Homemade Fruit Leather

“As a child of the eighties, I have a particular fondness for sheets of chewy, dehydrated fruit rolled up in...
Contributor
Homemade Fruit Leather
Real Sweet/Leigh Beisch

Homemade Fruit Leather

“As a child of the eighties, I have a particular fondness for sheets of chewy, dehydrated fruit rolled up in cellophane. This homemade version allows me to pass on the legacy of that sweet, sticky lunch box finery to my own kids, while controlling the sweetener and the quality of the fruit in the final product. I recommend making double batches—this stuff tends to fly!” — Shauna Sever, author of Real Sweet: More Than 80 Crave-Worthy Treats Made with Natural Sugars

Click here for more of our best candy recipes.

Notes

The best candidates for fruit leather are soft ones like berries and ripe stone fruit, as there’s no need to cook the fruits first. Thawed, unsweetened frozen fruit works well here, too. Steam apples and pears in a bit of water until very soft, or you can even use store-bought unsweetened apple or pear sauce for a shortcut.

Ingredients

  • 12 Ounces very ripe fresh fruit, peeled and chopped
  • 2 Tablespoons honey or agave nectar
  • 1 Teaspoon freshly squeezed lemon juice

Directions

Position a rack in the center of the oven and preheat the oven to the lowest temperature that your oven will allow—ideally 170 degrees F but no more than 200 degrees F. Line a large rimmed baking sheet, about 12 x 17 inches in size, with parchment paper.

In the bowl of a food processor fitted with a steel blade, combine the fruit, honey, and lemon juice. Process the fruit until you have a very smooth puree. If you’re using berries with lots of little seeds, you can strain the puree, if you wish.

Pour the puree onto the prepared baking sheet. Use a small offset spatula to smooth the puree into a very thin, even layer—if you’re using a 12- × 17-inch pan, the smoothed-out mixture will nearly fill the pan. Tilt and shimmy the pan a bit to even it out further.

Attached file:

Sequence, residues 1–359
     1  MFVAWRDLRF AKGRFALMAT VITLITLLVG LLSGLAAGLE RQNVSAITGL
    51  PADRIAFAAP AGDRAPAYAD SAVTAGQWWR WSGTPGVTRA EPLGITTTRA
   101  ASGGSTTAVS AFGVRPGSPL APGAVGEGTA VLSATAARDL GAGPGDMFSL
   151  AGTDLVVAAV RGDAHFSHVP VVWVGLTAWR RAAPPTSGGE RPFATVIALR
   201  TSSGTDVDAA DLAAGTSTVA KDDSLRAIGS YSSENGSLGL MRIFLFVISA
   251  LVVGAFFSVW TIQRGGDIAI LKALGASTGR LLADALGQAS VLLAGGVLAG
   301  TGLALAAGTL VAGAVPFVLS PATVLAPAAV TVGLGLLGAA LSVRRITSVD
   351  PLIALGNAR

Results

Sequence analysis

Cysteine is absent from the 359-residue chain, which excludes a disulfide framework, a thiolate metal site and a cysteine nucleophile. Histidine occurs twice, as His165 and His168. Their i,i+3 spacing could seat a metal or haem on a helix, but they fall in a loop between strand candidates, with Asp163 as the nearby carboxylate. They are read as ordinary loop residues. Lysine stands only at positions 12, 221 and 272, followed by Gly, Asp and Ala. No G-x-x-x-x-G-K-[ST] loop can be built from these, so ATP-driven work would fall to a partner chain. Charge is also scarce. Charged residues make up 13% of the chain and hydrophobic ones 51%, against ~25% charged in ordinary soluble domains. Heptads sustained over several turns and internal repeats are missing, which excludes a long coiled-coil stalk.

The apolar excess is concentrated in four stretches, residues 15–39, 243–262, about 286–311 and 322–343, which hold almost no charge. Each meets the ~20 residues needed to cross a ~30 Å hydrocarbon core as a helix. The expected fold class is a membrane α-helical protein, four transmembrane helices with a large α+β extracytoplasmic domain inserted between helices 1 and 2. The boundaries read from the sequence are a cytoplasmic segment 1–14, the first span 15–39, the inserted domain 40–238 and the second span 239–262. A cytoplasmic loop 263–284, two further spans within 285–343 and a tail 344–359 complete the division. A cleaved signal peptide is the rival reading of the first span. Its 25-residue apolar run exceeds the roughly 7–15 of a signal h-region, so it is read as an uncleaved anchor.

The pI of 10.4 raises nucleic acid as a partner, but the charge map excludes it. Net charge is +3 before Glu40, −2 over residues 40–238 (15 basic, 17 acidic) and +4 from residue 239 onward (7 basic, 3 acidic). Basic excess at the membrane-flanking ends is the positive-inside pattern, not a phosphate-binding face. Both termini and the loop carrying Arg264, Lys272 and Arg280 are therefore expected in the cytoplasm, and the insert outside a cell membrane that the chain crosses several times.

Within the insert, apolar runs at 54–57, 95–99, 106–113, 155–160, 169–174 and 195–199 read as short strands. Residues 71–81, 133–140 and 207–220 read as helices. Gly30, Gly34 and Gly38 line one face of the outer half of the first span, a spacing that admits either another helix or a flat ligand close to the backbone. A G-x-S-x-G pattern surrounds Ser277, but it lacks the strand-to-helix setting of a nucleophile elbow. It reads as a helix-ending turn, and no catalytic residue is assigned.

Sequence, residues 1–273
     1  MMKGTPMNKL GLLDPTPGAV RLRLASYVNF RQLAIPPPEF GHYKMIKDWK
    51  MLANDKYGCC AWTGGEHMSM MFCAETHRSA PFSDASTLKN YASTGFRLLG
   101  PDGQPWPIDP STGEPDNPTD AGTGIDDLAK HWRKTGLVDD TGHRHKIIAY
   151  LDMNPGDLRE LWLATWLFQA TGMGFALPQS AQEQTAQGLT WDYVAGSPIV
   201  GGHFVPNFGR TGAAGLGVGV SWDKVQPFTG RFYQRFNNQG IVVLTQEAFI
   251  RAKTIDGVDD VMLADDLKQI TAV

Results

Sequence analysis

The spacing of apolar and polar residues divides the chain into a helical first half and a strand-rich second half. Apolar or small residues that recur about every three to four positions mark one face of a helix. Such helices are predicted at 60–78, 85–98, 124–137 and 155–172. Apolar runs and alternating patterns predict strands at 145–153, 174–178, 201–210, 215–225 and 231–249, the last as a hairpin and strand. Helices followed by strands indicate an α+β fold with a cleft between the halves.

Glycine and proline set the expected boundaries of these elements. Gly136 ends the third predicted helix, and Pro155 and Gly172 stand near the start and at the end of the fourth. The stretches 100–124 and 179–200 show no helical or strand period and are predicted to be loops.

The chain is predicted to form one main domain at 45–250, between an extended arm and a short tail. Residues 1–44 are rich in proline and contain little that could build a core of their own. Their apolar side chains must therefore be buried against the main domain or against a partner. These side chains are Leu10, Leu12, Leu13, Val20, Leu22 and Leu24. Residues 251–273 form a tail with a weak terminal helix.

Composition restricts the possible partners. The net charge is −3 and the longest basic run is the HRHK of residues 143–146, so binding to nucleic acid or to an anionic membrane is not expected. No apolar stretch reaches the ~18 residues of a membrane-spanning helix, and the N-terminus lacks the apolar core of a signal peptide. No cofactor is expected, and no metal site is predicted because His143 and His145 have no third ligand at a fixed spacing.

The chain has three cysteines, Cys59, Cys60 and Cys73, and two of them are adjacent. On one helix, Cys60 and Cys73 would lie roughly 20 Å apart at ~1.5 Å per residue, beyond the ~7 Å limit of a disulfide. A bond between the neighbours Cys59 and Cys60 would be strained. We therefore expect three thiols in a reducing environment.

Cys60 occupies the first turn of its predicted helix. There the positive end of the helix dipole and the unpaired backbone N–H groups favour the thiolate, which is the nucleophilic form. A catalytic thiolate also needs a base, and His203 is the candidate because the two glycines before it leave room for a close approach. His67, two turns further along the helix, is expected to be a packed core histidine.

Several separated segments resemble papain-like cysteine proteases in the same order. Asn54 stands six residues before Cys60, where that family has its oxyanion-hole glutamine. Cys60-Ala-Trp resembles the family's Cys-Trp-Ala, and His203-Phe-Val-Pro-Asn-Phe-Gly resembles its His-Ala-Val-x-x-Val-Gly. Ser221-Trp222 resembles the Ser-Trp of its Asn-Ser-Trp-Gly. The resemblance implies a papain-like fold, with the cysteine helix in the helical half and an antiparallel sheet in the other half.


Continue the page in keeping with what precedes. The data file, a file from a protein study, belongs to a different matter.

Bake the fruit until it is dry to the touch all over with no tacky spots, anywhere from 2 to 5 hours depending on your oven’s temperature. Let the fruit leather cool completely in the pan, and let it rest at room temperature for about 2 hours—the fruit leather will be almost brittle in spots when it first emerges from the oven, but a rest on the counter will allow it to soften.

Use a pair of kitchen scissors to cut through the fruit leather and the parchment, first cutting the sheet width-wise into 2 rectangles, then cutting each rectangle into five 2¼ × 8½-inch strips.

Roll up the cut pieces of fruit leather with the parchment on the outside, securing them with a length of twine. Store in an airtight container at room temperature for up to 1 month.

Fruit Shopping Tip

Buying fruits in season when they are at the peak of their freshness make for great tasting food and can save you money.

Fruit Cooking Tip

Don’t throw out your overripe fruit – instead blend into a smoothie or salad dressing, add to muffin batter, bake into a cobbler, or boil down with sugar and a little lemon juice to make jam.